I have worked for several companies, both as a full-time employee and as a contractor. One thing has always remained true: There are multiple languages and frameworks being used across their frontend applications. (Well, okay, there was that small startup that only had one, but this still applies.) Often several teams have people with different skill sets, and they might decide that it’s easier to go with React. Another team might go with Vue because they feel it’s the next great framework.
Mitosis uses a static subset of JSX, inspired by Solid. This means we can parse it to a simple JSON structure, then easily build serializers that target various frameworks and implementations.
As of April 2022, Builder.io's Mitosis supports
You can try this yourself in Builder.io's Mitosis Fiddle pictured below.
How does this compare to other compile time frameworks?
Two very popular compile-time frameworks are Svelte and SolidJS. Mitosis is very similar to these in terms of it being a compile time framework which makes it very fast. Where it differs is that it lets you produce multiple frameworks, allowing for the most flexibility.
Similar to SolidJS, Mitosis uses a version of JSX that compiles the components to JSON. Plugins then compile the components to different targets, enabling you to create tooling in two directions:
Mitosis is supported by Builder.io, because Mitosis also supports no-code tools. It does this by following the above serialization to Builder.io's JSON format. This makes Mitosis a very stable product because we will need to continue updating and improving the code base so that Builder.io remains successful.
How to install the CLI
First install the CLI by opening your terminal and executing:
The mitosis CLI has simple commands to follow but if you ever forget, you can run
mitosis --help. Which will show you the usage and examples.
It is important to remember that Mitosis is just the compiler here. We'll still need to create the JSX files that represent our component, which Mitosis will then output.
How to create a Mitosis Project
First create a new directory and change into it:
Now create an npm project so that we can use the
I would also highly recommend initializing this directory with git (this is optional):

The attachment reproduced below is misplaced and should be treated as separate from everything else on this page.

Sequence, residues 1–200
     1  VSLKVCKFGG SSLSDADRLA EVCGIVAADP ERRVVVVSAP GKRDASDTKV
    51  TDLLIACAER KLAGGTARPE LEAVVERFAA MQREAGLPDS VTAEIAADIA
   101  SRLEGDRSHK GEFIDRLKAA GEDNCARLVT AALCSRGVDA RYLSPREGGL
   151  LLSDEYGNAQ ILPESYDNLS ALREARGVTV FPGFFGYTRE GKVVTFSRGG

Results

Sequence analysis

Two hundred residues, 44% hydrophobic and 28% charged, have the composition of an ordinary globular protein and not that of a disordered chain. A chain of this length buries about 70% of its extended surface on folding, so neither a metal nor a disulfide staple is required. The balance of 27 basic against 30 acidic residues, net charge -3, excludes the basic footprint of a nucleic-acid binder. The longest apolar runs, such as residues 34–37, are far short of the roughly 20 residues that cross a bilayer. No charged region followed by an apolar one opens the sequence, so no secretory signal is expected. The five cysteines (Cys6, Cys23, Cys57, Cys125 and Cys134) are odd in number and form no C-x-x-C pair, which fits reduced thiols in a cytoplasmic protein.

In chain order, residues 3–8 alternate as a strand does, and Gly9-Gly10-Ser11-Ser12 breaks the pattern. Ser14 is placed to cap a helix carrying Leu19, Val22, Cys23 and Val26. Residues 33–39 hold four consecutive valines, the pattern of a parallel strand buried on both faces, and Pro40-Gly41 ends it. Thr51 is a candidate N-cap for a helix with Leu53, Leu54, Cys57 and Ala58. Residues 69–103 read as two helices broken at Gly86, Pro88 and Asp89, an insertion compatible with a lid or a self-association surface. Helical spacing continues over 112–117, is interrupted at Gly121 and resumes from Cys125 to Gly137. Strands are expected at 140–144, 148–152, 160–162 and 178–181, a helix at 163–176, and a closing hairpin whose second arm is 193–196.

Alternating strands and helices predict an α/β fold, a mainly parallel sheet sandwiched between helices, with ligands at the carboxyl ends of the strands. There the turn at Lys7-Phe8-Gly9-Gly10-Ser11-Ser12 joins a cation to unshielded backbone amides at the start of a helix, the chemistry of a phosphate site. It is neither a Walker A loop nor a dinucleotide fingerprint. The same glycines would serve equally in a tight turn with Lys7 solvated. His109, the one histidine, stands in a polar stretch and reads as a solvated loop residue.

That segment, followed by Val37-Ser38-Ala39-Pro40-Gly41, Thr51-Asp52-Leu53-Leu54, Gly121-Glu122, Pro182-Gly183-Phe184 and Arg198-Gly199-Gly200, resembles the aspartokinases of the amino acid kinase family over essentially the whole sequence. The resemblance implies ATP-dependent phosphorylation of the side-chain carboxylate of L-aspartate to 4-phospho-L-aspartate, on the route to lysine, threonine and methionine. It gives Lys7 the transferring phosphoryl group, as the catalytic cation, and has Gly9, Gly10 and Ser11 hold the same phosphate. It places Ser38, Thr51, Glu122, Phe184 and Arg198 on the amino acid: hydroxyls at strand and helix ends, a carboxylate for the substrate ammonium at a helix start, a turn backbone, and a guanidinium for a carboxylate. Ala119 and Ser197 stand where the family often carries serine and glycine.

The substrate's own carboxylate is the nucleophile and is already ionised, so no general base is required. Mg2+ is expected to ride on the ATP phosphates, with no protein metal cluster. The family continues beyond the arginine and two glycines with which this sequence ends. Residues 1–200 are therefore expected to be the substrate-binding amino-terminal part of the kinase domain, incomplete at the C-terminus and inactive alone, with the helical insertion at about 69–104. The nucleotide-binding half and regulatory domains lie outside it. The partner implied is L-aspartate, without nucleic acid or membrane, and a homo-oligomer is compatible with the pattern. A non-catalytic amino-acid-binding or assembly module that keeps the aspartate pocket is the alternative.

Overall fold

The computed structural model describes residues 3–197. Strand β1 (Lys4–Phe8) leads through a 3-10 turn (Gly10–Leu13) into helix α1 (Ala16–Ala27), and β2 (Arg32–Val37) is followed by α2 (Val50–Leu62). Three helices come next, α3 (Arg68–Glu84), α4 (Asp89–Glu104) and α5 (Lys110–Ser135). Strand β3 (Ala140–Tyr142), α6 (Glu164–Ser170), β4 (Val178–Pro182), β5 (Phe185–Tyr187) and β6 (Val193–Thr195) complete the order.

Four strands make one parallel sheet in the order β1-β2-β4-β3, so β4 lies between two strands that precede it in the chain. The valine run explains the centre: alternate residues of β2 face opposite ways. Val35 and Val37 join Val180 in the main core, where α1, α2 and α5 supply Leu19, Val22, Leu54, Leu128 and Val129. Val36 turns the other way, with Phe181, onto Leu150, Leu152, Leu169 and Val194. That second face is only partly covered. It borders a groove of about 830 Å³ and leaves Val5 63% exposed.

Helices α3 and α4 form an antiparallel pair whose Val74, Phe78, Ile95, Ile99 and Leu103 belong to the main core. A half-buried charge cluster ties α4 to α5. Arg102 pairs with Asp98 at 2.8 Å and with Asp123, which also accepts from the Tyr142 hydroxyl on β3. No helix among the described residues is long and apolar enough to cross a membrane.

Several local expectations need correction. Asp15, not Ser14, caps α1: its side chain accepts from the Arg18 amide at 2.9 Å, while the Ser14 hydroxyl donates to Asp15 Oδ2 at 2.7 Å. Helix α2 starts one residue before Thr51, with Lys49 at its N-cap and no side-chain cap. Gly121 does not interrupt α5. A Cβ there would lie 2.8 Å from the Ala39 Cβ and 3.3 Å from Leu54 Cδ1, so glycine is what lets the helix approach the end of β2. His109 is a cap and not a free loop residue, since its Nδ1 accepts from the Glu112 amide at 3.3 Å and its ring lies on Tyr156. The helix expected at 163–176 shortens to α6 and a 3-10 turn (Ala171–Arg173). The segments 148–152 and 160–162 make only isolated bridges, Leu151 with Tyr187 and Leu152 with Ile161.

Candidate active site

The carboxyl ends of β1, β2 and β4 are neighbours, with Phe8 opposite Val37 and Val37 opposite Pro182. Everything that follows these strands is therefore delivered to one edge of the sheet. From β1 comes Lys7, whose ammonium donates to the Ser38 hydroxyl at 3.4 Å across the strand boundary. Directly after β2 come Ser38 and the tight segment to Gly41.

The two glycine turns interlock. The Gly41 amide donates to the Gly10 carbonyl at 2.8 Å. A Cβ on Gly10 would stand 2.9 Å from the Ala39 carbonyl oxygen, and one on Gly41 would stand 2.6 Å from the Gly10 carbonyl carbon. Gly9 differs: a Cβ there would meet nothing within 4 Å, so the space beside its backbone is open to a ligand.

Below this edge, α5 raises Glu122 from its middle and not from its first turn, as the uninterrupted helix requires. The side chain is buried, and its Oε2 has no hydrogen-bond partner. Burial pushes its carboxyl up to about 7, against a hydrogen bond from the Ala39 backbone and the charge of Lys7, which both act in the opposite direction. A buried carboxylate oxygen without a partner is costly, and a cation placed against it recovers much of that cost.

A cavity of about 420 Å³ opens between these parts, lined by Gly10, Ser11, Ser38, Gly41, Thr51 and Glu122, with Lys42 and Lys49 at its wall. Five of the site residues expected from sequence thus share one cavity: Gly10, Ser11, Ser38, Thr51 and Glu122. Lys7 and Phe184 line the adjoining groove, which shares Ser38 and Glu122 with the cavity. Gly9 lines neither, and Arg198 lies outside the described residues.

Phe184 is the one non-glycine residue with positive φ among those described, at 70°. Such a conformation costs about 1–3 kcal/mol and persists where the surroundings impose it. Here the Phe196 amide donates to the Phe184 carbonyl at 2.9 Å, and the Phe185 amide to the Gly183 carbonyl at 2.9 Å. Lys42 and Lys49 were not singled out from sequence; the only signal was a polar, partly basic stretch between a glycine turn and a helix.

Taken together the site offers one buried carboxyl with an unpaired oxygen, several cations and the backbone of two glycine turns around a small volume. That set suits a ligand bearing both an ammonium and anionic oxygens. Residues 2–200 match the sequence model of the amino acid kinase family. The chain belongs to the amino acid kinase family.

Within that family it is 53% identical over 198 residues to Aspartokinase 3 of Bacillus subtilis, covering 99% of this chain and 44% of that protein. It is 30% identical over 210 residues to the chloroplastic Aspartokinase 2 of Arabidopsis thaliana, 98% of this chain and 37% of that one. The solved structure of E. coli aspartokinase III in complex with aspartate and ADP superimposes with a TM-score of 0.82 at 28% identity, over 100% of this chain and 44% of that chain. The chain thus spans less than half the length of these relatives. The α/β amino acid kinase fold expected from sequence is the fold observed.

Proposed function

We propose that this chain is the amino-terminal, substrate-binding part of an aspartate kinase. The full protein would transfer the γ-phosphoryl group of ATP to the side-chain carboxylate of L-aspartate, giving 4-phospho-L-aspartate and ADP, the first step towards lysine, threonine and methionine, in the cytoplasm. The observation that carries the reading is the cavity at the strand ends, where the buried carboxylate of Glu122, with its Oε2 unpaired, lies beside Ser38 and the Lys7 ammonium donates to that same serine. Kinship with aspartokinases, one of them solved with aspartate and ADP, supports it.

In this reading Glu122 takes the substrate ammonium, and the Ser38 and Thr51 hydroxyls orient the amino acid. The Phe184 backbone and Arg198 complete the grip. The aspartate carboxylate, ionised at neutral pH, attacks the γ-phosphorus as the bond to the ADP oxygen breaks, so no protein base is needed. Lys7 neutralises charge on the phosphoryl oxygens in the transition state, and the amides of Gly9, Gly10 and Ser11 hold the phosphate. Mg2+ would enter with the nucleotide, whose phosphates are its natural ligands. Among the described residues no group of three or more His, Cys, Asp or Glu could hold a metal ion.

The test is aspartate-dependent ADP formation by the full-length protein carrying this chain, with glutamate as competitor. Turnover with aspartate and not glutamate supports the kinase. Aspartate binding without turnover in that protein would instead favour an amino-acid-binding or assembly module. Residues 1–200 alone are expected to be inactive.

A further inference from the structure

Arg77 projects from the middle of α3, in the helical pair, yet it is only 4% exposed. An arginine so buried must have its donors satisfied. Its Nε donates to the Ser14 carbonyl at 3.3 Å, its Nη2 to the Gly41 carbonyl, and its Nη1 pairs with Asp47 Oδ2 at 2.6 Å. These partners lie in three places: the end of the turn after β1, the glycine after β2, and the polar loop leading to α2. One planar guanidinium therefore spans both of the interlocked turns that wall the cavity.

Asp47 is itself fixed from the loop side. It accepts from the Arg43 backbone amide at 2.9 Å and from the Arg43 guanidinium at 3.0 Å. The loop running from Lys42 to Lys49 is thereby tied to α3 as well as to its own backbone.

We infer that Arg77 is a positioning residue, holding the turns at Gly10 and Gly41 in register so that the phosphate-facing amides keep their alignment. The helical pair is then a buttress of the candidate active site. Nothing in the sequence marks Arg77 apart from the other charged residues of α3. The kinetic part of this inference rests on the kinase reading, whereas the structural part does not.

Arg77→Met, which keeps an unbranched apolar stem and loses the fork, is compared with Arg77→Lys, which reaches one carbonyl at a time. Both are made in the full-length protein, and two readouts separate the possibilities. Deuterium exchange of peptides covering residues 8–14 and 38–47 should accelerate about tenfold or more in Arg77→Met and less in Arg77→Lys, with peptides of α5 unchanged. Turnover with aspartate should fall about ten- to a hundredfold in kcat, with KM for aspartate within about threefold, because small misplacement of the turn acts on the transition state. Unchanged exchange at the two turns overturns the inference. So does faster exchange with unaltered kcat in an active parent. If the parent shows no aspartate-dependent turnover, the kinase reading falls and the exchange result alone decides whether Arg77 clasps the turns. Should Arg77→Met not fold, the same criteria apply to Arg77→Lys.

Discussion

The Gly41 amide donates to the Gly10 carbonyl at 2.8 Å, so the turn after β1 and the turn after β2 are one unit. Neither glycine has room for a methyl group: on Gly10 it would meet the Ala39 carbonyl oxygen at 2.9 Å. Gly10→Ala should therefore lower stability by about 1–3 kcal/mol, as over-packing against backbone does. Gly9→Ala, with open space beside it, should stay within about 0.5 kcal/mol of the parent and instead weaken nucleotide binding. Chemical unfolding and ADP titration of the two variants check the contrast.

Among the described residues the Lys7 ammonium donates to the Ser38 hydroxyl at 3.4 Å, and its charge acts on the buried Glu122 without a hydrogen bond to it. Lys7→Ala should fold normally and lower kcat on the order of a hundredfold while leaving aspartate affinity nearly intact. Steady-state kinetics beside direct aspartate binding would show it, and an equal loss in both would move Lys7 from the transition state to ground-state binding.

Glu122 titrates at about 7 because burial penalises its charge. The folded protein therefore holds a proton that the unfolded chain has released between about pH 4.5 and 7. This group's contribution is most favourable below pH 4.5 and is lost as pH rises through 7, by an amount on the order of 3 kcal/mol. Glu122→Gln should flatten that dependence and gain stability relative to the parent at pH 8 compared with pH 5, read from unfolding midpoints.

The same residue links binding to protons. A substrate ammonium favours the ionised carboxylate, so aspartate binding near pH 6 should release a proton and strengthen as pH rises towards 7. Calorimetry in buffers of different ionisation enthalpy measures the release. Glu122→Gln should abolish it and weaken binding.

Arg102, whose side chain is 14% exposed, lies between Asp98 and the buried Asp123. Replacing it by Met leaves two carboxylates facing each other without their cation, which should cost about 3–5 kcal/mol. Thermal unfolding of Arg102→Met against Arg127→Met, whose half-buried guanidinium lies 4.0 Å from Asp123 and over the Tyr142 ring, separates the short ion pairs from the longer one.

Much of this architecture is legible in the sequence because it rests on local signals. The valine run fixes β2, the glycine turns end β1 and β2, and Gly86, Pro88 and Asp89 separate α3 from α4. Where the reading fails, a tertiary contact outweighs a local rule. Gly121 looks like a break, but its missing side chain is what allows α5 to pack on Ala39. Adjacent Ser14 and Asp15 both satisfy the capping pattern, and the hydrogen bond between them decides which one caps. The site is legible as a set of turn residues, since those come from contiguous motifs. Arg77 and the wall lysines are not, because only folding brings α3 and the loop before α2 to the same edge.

If you're using git make sure to create a
.gitignore file with the following:
Install the Builder.io Mitosis package into the local project:
Add JSX Mitosis File
The file name should end with
lite.jsx this allows the VSCode extension to be used.
Open your project in VSCode:
Your project should look like this in VSCode:
Add JSX to the
If you've ever written in React, this should feel very familiar to you.
Before you output our
component.lite.jsx to any available language, take a close look at how state is used. The useState hook will be the same as how you use it in React. Below you can see a few of the frameworks and how they use this definition to appropriately assign the state variable for each input.
As you can see the state variable
name used within the JSX, is correctly compiled in the other frameworks below.
Now that you have the Mitosis CLI setup, your
component.lite.jsx file created, and a better understanding of how state works, it's time to generate your own framework files.
I like to keep my output files in a separate folder. To create that folder execute:
To start compiling open a terminal in the same directory as your component.lite.jsx file (in
VSCode Ctrl + `) and run the below command:
--to= flag sets the framework that you compile your Mitosis component output to, followed by the location of your Mitosis input file
> represents where the output will be placed, and finally the output file location including any directory
After running the above example you will get the below React code.
Mitosis is the easiest way to future-proof your current development. If you're starting a new greenfield project, it will be even more important to future-proof, as well as far simpler to start writing from scratch rather than converting your current components.
Mitosis allows multiple teams to work on a single unified language no matter what framework they're using. This reduces the amount of duplicate components and lowers technical debt.
Have more questions? See the Mitosis Docs.
Full example can be found at https://github.com/codercatdev/mitosis-example